Cover image for Spirit matters
Spirit matters
Lerner, Michael, 1943-
Personal Author:
Publication Information:
Charlottesville, VA Hampton Roads Pub. Co., [2000]

Physical Description:
xiv, 363 pages ; 24 cm
General Note:
"Walsch Books."
Format :


Call Number
Material Type
Home Location
Item Holds
BL624 .L45 2000 Adult Non-Fiction Non-Fiction Area

On Order



The author of The Politics of Meaning presents a vision of an "Emancipatory Spirituality", one that is capable of healing our inner conflicts and reconnecting us with a sense of unity; one that creates a new society in which compassion, social justice, ecological sanity, and spiritual transformations are the norm.

Author Notes

Michael Lerner is editor of Tikkun magazine, rabbi of Beyt Tikkun Synagogue in San Francisco

Reviews 1

Publisher's Weekly Review

Lerner, psychotherapist, rabbi and editor of Tikkun magazine, strongly feels that people subconsciously realize that they have closed off their sense of spirituality, and that they long for deeper meaning. He calls for this hunger to be openly recognized, with humanity working toward a global "Emancipatory Spirituality." Emancipatory Spirituality proclaims a recaptured awe of the universe, affirms the equal worth of every human being and promotes the healing and transformation of the world. It connects people to the "oneness of all being," embracing our innate sense of play, creativity and intellectual capabilities. Spirit matters, Lerner says, and denial of this fact leads to fractured personal lives, an alienated society and the unhealthy treatment of our environmental resources. His theoretical arguments are compelling and well considered, particularly as he traces the history of the horrors we have reaped from collectively denying the Spirit, and readers will no doubt appreciate his exercises in becoming more open to the Spirit. Unfortunately, Lerner's arguments on how to implement the needed focus on the Spirit in vocations such as medicine, education and law often fall short of reality and practicality, sounding shallow and glib. While he may be correct in arguing that individuals should remain open to the Spirit made manifest in their lives, he neglects to acknowledgeÄor prescribe a cure forÄthe large numbers of people who may not care to do so. (June) (c) Copyright PWxyz, LLC. All rights reserved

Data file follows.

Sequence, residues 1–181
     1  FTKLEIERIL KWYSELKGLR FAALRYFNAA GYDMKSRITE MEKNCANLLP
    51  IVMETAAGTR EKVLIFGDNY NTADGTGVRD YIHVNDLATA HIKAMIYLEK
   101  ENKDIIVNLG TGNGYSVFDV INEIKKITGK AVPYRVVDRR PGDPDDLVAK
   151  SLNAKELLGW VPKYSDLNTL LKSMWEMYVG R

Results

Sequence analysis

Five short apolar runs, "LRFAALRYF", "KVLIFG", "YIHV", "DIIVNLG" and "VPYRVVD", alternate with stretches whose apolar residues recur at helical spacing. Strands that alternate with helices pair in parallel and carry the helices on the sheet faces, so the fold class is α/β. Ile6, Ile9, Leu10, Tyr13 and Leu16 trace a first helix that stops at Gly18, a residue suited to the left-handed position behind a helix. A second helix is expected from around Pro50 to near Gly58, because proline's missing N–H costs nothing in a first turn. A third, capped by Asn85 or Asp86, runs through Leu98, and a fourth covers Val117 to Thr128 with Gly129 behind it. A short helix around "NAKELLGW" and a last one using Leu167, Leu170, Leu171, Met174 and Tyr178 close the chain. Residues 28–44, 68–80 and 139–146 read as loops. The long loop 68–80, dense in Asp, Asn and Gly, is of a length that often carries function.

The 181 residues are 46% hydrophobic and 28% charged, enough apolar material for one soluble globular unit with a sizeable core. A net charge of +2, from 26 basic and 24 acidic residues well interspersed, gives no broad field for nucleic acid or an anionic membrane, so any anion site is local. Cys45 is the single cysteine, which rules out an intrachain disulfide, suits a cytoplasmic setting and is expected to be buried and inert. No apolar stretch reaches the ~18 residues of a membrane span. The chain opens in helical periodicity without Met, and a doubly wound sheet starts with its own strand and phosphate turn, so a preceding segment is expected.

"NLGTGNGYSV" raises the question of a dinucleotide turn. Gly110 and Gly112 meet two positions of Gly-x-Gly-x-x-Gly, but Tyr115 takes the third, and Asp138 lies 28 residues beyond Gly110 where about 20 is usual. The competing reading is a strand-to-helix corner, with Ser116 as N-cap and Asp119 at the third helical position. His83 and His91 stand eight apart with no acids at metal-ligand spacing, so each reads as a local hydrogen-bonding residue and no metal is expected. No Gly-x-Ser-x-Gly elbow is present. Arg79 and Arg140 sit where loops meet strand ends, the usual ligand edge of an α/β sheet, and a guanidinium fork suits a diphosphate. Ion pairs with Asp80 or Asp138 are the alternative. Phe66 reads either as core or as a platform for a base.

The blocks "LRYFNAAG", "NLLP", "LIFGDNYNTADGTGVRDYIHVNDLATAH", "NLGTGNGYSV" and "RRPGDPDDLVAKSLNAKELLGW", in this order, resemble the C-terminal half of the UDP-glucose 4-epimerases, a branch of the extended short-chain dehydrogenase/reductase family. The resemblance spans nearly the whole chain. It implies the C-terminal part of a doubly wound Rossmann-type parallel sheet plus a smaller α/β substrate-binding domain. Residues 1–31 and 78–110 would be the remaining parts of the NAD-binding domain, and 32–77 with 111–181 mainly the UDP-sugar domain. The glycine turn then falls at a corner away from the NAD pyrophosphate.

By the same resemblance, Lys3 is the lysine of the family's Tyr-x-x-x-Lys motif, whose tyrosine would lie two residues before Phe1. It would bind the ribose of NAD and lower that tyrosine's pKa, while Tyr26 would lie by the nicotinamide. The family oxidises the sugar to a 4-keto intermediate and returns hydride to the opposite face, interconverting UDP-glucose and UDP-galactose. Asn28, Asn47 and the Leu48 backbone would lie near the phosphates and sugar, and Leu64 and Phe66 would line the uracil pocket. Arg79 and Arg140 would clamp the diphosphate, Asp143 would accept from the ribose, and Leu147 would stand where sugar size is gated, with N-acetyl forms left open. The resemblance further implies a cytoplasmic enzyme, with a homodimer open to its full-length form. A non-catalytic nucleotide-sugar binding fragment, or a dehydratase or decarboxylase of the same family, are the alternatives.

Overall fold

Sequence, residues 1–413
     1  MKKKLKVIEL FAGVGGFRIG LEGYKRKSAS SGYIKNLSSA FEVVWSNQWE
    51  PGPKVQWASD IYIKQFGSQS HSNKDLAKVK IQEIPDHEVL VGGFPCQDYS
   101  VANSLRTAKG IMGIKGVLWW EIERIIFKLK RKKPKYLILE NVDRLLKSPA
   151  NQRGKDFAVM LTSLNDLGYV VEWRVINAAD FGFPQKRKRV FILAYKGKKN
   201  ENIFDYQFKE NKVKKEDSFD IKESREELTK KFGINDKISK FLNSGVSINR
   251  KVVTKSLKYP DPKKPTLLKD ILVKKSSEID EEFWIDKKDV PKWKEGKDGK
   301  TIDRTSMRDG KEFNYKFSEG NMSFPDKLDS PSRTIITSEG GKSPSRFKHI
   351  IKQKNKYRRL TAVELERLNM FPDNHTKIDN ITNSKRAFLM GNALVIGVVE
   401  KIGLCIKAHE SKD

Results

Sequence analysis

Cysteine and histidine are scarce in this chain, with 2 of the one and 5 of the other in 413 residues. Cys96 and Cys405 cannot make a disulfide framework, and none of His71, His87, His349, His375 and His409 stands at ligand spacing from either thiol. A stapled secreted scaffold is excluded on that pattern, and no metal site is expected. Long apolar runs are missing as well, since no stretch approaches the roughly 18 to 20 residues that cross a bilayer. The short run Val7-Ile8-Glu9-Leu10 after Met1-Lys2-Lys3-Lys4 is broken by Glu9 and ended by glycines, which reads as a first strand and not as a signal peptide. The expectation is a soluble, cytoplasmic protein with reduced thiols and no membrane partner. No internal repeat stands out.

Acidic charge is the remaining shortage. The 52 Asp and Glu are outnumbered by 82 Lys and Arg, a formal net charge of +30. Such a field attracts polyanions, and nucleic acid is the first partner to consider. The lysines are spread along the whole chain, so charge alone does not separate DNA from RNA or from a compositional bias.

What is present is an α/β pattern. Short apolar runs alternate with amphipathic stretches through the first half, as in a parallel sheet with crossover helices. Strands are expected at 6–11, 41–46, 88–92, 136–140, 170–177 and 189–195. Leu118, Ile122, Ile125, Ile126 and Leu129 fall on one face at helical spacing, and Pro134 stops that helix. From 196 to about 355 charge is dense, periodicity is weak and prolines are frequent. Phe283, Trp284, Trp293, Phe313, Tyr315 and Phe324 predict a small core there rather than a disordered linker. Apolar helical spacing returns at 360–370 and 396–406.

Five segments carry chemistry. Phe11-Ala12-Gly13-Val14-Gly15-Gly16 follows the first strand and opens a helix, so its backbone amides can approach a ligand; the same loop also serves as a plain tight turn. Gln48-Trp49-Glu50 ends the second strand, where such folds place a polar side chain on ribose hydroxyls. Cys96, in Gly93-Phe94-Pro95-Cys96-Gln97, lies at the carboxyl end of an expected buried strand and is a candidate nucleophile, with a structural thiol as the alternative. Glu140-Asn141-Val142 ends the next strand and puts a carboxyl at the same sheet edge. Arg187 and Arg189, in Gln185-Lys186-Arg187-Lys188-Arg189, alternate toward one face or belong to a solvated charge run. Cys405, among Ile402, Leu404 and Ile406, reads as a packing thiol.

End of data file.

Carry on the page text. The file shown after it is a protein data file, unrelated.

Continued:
Table of Contents

Prefacep. xi
Introductionp. 1
1 The Evolution of Spiritp. 39
2 Living in a Spiritually Deadened Worldp. 72
3 Love, Mutual Recognition, and Spirit--The Psychospiritual Dimensionp. 101
4 Ecological Sanity Requires Spiritual Transformationp. 138
5 Emancipatory Spiritualityp. 165
6 The Respiritualization of Our Work and Our Professionsp. 195
7 The Soul of Medicinep. 204
8 The Spiritual Transformation of Lawp. 219
9 The Spiritual Transformation of Educationp. 233
10 Spiritual Practice and the Socially Engaged Soulp. 273
Afterword: How You Can Be Involvedp. 331
Bibliographyp. 340
Indexp. 351